OSA is associated with an increased risk of cardiovascular morbidity. A driver of this is metabolic dysfunction and in particular type 2 diabetes mellitus (T2DM). Prior studies identifying a link between OSA and T2DM have excluded subjects with undiagnosed T2DM, and there is a lack of population-level data on the interaction between OSA and glycemic control among patients with diabetes. We assessed the relationship between OSA severity and T2DM prevalence and control in a large multinational population.
We performed a cross-sectional analysis of 6,616 participants in the European Sleep Apnea Cohort (ESADA) study, using multivariate regression analysis to assess T2DM prevalence according to OSA severity, as measured by the oxyhemoglobin desaturation index. Patients with diabetes were identified by previous history and medication prescription, and by screening for undiagnosed diabetes with glycosylated hemoglobin (HbA1c) measurement. The relationship of OSA severity with glycemic control was assessed in diabetic subjects.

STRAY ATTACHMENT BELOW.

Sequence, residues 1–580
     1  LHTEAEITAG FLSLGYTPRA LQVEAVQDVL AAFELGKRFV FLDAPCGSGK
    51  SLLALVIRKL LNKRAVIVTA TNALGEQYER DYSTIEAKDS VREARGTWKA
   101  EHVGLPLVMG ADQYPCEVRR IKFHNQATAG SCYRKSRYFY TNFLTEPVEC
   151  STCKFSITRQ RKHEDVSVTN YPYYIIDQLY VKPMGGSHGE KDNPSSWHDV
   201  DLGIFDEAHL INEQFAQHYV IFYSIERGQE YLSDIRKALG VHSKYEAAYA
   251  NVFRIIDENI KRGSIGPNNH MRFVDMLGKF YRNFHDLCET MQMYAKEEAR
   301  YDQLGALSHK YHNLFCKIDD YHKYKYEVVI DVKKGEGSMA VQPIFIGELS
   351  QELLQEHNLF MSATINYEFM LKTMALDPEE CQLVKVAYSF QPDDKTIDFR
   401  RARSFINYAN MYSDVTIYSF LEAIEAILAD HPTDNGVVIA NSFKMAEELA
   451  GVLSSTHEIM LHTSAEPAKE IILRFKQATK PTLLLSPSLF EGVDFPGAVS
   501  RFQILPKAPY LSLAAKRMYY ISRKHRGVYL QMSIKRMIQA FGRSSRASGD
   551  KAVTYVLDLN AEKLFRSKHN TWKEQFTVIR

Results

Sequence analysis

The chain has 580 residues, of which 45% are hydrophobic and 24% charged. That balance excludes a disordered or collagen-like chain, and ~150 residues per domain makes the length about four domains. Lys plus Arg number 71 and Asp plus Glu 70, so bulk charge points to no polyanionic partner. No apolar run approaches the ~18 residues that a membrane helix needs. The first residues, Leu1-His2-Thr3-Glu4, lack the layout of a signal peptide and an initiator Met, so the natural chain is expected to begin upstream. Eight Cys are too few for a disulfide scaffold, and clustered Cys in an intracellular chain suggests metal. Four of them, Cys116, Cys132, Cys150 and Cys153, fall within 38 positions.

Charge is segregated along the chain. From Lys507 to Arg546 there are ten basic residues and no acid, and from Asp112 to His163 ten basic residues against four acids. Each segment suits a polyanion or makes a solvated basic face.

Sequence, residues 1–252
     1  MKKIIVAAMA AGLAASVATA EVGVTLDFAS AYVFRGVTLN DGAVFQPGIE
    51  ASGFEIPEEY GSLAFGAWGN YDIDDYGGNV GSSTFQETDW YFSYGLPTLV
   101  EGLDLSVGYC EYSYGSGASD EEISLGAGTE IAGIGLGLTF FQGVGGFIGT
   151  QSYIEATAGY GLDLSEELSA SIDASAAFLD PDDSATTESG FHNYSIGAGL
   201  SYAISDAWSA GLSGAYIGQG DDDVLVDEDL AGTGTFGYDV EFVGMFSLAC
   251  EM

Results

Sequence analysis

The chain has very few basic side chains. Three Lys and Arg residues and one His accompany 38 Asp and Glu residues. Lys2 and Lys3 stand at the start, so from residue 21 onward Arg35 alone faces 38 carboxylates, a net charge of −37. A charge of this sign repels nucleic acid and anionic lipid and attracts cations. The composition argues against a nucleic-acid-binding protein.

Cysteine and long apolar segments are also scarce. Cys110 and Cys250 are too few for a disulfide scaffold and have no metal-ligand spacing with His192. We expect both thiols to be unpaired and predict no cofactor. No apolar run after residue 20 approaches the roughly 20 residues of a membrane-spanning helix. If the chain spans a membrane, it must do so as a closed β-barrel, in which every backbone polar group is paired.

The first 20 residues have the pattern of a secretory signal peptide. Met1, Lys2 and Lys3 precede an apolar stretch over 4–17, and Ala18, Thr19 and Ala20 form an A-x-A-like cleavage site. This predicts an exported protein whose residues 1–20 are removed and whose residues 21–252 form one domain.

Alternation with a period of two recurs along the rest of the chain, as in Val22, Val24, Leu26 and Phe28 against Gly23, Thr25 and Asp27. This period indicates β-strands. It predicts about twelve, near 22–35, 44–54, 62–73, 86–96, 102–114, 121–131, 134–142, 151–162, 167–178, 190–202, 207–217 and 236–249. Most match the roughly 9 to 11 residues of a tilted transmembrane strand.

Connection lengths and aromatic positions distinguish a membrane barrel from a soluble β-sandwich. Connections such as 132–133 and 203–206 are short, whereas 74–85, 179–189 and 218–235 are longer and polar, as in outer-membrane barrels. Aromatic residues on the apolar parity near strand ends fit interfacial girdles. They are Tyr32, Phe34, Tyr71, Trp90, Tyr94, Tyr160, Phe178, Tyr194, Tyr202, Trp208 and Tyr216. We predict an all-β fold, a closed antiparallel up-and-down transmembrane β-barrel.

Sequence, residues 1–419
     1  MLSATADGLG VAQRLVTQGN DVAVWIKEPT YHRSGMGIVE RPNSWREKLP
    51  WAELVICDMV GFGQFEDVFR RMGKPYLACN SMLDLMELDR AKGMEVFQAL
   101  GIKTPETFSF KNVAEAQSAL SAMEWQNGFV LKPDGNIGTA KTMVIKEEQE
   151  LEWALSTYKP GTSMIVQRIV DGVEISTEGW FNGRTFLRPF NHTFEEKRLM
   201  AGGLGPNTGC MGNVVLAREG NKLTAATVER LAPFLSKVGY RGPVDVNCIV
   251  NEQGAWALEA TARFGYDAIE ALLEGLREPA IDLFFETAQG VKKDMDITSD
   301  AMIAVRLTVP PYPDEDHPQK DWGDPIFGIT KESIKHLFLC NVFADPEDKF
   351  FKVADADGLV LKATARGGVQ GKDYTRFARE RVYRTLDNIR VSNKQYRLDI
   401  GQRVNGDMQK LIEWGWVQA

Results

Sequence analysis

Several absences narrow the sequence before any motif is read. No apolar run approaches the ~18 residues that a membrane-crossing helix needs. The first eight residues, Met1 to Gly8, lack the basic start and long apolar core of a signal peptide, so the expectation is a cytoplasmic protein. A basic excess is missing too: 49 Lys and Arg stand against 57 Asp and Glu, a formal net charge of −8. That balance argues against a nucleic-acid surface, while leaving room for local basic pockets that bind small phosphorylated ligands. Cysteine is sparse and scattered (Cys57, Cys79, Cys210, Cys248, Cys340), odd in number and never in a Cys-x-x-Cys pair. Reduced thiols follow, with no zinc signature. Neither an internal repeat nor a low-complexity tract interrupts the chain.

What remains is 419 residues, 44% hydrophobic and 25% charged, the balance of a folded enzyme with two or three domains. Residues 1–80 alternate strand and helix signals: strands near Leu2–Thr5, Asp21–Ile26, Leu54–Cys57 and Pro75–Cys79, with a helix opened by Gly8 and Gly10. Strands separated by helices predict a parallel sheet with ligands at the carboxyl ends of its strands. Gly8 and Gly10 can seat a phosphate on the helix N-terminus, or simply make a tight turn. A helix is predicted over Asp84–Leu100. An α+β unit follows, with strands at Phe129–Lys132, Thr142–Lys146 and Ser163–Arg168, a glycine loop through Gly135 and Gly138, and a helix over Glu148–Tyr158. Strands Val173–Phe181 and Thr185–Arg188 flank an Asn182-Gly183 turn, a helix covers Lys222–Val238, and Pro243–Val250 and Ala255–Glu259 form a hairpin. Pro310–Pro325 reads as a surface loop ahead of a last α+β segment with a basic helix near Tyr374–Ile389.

T2DM prevalence increased with OSA severity, from 6.6% in subjects without OSA to 28.9% in those with severe OSA. Despite adjustment for obesity and other confounding factors, in comparison with subjects free of OSA, patients with mild, moderate, or severe disease had an OR (95% CI) of 1.33 (1.04-1.72), 1.73 (1.33-2.25), and 1.87 (1.45-2.42) (P < .001), respectively, for prevalent T2DM. Diabetic subjects with more severe OSA had worse glycemic control, with adjusted mean HbA1c levels 0.72% higher in patients with severe OSA than in those without sleep-disordered breathing (analysis of covariance, P < .001).
Increasing OSA severity is associated with increased likelihood of concomitant T2DM and worse diabetic control in patients with T2DM.